The Malicious Side of Drones The dispute over the dangers of quad copters

9 January 2016 | Tomas Curwen ____________________________________________________________

A British Airways Airbus A320 was struck by an unidentified drone on the nose as it landed at Heathrow Airport in London at 12:50 BST, Saturday, April 18, 2016. The plane landed surprisingly without any damage.

Usually, quadcopters are seen as a pleasurable way to relax and unwind with a beautiful view. All across the world, these small drones, accessible to the public are popular with tech-lovers, hold the key to birds eye views never seen before, but there are countless dangers lurking within this newly introduced technology.

Unfortunately, this high-tech equipment can jeopardize the safety of others. If the drone were to get destroyed or torn from the sky by the wind or possibly an animal, it would be a great loss of money to replace the expensive parts or even just buy a new drone. These are just minor disadvantages compared to the majesty of disaster.

You are on an airplane, when suddenly a drone hurdles into view, and rips right into the turbines of one of the large engines, which are spinning past supersonic speed. What happens next could potentially be fatal. That is something that you would see in a drone incident.

Bird strikes are similar to drones colliding with aircraft. They weigh about the same as drones and can do a lot of damage to a plane. The following video shows the similar extremes of bird strikes.

There are many near-misses between drones and aircraft every day. If a drone were to collide with the windshield of an aircraft it would shatter the enforced glass and potentially kill both pilots due to the force of the drone against the speeding aircraft and the sudden loss of pressure. The percentage of an aircraft accident will total loss of life is high.

A study showed that a drone could rip a jet engine apart. It also showed that it could gash open the nose cone if it collides even at slow speeds with a plane, as low as only 200 miles per hour.

The damage of a drone to an aircraft if it collides with a nose cone was tested. A drone like object was shot at a mock nose cone at 200 mph, ripping into the thick metal.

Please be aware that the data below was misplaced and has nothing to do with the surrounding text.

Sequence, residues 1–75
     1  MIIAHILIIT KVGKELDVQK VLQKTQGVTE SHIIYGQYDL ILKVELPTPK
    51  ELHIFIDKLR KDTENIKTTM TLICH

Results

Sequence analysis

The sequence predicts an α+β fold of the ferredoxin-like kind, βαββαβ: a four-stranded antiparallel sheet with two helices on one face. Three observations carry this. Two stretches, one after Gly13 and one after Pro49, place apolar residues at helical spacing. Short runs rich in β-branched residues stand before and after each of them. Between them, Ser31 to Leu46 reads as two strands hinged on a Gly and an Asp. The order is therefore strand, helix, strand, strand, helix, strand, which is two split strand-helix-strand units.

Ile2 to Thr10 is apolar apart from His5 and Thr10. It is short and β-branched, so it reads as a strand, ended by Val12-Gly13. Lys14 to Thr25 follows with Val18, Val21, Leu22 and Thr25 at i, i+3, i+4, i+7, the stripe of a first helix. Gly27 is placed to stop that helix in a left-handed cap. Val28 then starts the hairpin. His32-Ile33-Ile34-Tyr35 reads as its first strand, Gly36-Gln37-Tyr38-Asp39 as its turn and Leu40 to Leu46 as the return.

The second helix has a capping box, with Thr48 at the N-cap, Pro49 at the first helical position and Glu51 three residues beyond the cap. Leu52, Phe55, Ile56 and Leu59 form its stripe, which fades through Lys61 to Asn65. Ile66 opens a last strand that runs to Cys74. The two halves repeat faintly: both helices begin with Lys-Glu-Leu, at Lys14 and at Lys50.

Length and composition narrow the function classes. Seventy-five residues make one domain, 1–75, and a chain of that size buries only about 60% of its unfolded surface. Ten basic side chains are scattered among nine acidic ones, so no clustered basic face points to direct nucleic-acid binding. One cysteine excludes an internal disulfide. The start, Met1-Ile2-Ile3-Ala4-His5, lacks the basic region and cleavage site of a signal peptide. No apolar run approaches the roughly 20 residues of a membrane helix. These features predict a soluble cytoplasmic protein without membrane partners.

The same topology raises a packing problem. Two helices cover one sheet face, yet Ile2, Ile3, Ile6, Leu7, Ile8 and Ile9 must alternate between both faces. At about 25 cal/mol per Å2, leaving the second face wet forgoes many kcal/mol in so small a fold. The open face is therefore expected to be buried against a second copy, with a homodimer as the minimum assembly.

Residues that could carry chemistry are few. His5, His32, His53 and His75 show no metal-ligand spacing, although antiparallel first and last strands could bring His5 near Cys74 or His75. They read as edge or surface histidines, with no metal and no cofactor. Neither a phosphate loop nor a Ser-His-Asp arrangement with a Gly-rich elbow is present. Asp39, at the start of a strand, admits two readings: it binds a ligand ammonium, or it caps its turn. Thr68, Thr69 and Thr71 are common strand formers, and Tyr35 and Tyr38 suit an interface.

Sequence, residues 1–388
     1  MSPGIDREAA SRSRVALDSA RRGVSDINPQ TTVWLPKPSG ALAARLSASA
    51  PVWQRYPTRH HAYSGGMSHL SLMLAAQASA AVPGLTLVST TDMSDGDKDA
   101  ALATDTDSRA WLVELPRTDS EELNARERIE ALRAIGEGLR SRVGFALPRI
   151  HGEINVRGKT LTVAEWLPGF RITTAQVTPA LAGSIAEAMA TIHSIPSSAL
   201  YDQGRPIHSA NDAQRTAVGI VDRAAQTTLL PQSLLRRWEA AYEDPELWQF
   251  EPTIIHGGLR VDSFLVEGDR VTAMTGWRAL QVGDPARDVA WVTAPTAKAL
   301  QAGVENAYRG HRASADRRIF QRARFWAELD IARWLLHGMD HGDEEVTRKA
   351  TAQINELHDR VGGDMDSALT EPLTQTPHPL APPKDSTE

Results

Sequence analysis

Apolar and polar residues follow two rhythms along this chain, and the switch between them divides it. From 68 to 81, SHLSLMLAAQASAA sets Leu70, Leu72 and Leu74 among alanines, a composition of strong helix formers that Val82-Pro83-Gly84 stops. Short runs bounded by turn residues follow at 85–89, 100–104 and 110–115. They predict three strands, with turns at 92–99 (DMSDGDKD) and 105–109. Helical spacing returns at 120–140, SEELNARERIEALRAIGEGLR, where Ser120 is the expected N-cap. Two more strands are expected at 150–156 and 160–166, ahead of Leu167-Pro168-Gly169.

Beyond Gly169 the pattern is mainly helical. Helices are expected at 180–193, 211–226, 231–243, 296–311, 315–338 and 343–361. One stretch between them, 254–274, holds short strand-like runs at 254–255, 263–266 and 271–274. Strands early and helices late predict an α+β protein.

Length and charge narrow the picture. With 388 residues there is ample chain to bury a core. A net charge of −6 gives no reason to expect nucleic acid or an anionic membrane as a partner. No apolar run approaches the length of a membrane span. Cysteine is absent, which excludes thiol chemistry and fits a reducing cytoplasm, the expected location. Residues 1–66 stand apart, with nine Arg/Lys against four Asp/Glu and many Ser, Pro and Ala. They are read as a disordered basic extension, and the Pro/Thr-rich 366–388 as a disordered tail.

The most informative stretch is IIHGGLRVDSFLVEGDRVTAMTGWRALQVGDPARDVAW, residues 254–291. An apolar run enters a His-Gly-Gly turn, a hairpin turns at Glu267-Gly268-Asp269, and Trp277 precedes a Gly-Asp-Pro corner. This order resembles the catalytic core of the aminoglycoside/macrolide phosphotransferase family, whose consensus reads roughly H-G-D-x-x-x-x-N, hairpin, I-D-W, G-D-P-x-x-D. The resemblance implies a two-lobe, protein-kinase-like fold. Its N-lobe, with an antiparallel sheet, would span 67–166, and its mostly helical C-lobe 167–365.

The damage when a drone collides with an airliner.

There are many ways to prevent these accidents. Drone pilots can simply obey the law. Fly under 400 feet, under the path of aircraft flying above and stay at least 5 miles away from all airports when flying. For the enforcers these laws are hard to enforce but they are not hard for drone pilots to follow.

According to Ms. Grogan, 8th grade Language Arts teacher of Westport CT, “I think that there are many positive and exciting things that are capable with drones, but have concerns about privacy and safety issues. For example, they can be a distraction. A drone was flying above the highway one day and I immediately was intrigued by it, but had to maintain my focus on the road. Someone could easily be distracted by such a flying object. Also, sometimes there are drones that take pictures and those pictures can be saved and used in whatever way the owner chooses. This makes it even harder than it already to is to control who takes pictures of who and where those pictures end up.”

In most drone and other flying product operation manuals contain in depth information on certain dangers that are possessed by the product. These warnings can save the operator from harm due to the product. In a test looking into these safety warning views 50% stated that they never read them 25% say that they always read these warnings for safety and the remaining 25% said that they read them sometimes, depending on the product they are using.

Ms. Grogan responded to needing of future knowledge about this law, “I am interested in finding out about it because technology is continuously advancing and I think we will be seeing more and more drones.”

A DJI Phantom quadcopter slices through a sausage with ease.

In one test, a drone propeller was able to chop up an incredible amount of vegetables and other foods fed in its path. Carrots, cucumbers, a banana, popcorn, a sausage, blackberries, grapes, eggs, a doughnut and even a yogurt in its plastic container way chopped to pieces, and the quadcopter was able to fly with no damage. A similar study showed that a realistic fake hand was severely damaged by drone propellers.

One video revealed a DJI Phantom quadcopter being driven over by a car. The casing received minor damage the legs simply bent under the weight of the vehicle just to pop up again. It is practically indestructible, even to a car!

Amazon, for example has vowed to use large drones to deliver small packages. These drones will have their own air traffic control (atc) that will monitor them as they fly to their destination. It will have access to communicate with the atc of full size airliners to avoid a collision with a delivery drone.

Amazon is taking extreme safety measure, but it will not see on the radar, nor be able to do anything about private drones flying in an airliner’s path. It is up to the drone pilot to obey all drone laws and regulations while flying because they are in full control of their copter, so if an incident occurs, it will result in the pilot himself being at total fault, while the only exception is a mechanical failure of the controller or the copter itself.

An Amazon Prime Air octocopter delivery.

If you are reluctant to put your safety and the safety of others in jeopardy, please emphasize the dangers on drone flying to others to help get the word around. This is a serious problem that should be taken care of quickly as more and more drones take to the skies every day. One small drone has the power to kill a whole plane-load of people, so please, help protect our citizens as technology progresses through the future.

All pretty close callls
Created By
Tomas Curwen

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